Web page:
Some time ago, Turkish DJ Mahmut Orhan released a track titled "6 Days," a remixed version of the 1971 song "Six-Day War" by the English rock band Colonel Bagshot. Orhan’s version consisted of haunting music against a backdrop of mysterious images: an older woman staring into the distance, a beautiful girl in traditional dress, a man riding his horse across a dusty plain with his robes flowing behind him. The most memorable parts of the video were vistas of an ancient city carved in stone. Fascinated, I did some quick research and discovered that the reel had been shot in a place called Mardin.
This was my introduction to the ancient Mesopotamian city. When I decided to visit Turkey three years later, Mardin was the first name I wrote down on my list of places to see.
Lying in the heart of Southeastern Anatolia, the city has existed for centuries at the confluence of the Assyrian, Ottoman, Kurdish and Arab cultures. The immediate region surrounding it is steeped in history, evidenced by scores of ancient ruins, some of which have been well preserved. To the foreigner, its rich cultural heritage is immediately evident in its people's mannerisms, dressing, cuisine, and speech. If you listen to a group of locals chatting in Turkish, even the untrained ear can pick up an Arab lilt to their dialect.
I had left Konya on an overnight bus, which reached the outskirts of Mardin more than 11 hours later. From the station in the new city, about half an hour from Mardin proper or "Eski şehir" (old city), you drive up a winding road that cuts through enormous sepia mountains and brings you to a second bus station. Here, either a shuttle bus (dolmuş) or a cab that takes you to the center of the old town, which is roughly a 10-minute drive away.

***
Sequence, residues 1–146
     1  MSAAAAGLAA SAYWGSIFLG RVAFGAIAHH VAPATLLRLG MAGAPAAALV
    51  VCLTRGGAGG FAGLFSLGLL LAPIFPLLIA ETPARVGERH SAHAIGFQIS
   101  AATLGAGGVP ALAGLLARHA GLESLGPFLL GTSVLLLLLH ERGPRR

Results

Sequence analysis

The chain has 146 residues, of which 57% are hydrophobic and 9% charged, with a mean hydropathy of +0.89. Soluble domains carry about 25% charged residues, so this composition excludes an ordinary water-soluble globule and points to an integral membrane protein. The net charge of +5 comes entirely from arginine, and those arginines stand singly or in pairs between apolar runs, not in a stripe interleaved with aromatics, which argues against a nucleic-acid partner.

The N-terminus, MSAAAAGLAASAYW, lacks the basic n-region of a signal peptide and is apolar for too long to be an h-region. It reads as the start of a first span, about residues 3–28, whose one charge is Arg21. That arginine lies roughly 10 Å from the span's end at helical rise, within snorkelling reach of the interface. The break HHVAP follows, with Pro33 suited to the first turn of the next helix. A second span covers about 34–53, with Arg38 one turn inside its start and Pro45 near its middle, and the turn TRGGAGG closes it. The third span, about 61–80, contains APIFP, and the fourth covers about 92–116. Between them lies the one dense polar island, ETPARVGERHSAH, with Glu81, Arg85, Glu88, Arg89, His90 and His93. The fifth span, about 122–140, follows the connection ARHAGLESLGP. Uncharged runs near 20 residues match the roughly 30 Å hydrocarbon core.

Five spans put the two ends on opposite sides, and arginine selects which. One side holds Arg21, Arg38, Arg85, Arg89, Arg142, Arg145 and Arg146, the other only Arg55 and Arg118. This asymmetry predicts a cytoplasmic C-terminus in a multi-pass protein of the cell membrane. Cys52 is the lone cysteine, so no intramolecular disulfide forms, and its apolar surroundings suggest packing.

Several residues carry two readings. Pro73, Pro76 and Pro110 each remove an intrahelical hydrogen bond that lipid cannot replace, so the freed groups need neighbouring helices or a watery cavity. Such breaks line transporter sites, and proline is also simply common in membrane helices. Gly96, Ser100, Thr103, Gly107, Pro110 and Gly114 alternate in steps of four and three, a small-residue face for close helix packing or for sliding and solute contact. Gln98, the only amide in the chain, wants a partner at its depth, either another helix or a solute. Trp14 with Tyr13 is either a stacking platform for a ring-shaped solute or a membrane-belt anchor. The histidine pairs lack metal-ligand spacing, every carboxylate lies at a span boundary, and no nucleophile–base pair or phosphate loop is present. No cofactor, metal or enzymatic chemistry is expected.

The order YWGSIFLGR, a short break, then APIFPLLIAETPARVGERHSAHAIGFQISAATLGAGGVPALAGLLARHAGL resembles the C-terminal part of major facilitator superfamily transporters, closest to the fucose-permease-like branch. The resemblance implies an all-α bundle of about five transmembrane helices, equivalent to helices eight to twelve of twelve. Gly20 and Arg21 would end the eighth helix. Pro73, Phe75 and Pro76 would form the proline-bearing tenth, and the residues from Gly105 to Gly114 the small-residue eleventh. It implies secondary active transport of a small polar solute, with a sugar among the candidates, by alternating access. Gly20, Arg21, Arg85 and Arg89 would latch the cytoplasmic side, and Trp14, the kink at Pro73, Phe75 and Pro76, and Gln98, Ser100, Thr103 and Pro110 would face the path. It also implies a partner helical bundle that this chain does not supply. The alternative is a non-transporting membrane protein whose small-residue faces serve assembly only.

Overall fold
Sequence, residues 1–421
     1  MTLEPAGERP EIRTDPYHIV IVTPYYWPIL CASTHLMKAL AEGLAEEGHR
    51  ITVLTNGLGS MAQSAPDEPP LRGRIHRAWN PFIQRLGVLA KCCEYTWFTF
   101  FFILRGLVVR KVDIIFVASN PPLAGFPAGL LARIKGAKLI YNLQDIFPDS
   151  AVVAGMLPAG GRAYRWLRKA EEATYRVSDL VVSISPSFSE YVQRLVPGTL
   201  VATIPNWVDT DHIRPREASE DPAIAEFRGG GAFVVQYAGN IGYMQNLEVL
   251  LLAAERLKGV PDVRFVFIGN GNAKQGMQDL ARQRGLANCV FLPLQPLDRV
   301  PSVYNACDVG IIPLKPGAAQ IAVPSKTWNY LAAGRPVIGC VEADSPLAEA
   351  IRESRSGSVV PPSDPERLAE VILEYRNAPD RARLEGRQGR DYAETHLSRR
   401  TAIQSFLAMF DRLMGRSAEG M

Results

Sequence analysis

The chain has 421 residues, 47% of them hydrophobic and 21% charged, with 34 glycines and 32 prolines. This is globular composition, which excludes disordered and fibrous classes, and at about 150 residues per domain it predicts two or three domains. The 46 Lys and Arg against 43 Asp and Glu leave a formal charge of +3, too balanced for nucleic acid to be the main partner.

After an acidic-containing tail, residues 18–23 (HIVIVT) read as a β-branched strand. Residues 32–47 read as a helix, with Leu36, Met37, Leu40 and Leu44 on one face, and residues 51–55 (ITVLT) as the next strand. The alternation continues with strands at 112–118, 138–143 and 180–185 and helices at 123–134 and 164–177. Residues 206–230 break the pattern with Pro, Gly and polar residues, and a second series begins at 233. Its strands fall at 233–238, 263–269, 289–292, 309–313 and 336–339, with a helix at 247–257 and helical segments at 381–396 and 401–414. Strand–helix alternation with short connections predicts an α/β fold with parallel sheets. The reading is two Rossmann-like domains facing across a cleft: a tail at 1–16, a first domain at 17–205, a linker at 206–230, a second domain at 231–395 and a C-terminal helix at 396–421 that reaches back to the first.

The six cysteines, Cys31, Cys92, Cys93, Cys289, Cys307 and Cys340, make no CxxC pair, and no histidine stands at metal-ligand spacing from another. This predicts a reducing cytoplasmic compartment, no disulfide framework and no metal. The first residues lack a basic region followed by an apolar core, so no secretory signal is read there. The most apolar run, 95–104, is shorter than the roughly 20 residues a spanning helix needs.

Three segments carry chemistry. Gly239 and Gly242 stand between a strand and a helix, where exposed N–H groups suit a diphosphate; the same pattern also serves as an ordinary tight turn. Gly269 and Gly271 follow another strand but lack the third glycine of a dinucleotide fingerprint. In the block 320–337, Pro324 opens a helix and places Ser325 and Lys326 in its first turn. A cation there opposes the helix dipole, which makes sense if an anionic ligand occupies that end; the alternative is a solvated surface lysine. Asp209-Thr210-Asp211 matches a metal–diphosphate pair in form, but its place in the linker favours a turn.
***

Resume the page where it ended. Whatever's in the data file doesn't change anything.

The elderly lady who had sat next to me on the bus from Konya learned I was headed the same way she was and offered to take me along. Her name was Ameena, and her son Jibrael was waiting to receive her at the station. This was a remote region, as far from cosmopolitan life as you could get, with barely a smattering of individuals I could communicate with in English. Yet, I felt no apprehension as I set off toward the hills in a cab with a family of strangers.
Our taxi deposited us on a dirt road several meters above the highest dwelling in the city. Aided by members of Jibrael’s family, we descended carefully with our luggage toward their house, along an unpaved path cut into the mountainside. I was asked in for a quick breakfast and obliged. We sat traditional style on the floor, as Ameena quickly laid out tomatoes, fig jam, butter, cheese, bread and lahmacun. We ate and drank tea while their neighbors popped in to say hello. With breakfast over, I thanked them for their generous hospitality and took my leave; Jibrael kindly picked up my luggage and led me down toward my hotel. Like most other boutique outfits there, the accommodation was in a traditional house that had been converted to serve tourists. As I waited to check-in, I went to the rooftop terrace for my first view of Mardin’s surroundings, an enormous expanse of sun-baked plain swept by strong winds, with minarets dotting your line of sight in all directions.
Once I had freshened up, I set off to explore the old bazaar close to the hotel. It meant weaving my way through a warren of passageways crowded by bakers carrying huge tin trays to and from their ovens, shopkeepers enticing potential buyers with colorful scarves, and older men sitting in the shade smoking cigarettes. Somewhere in amid all this, I came across a mosque and quickly ducked in for zuhr (afternoon) prayer before heading up to the main street.
The main avenue runs all the way through the old town and is lined with shops, most of which sell jewelry, soaps, utensils, perfume, coffee and candy, all of which are creations specific to this particular area. The restaurants along the way offer largely traditional fare and are heavy on meat dishes. On either side, uphill and downhill, there are houses, boutique hotels, mosques, churches and crafts shops accessed by way of stone steps connecting narrow streets. Wandering in and out of them allows you to get an excellent sense of local life, and is a welcome escape from the onslaught of foot and vehicular traffic on the main thoroughfare.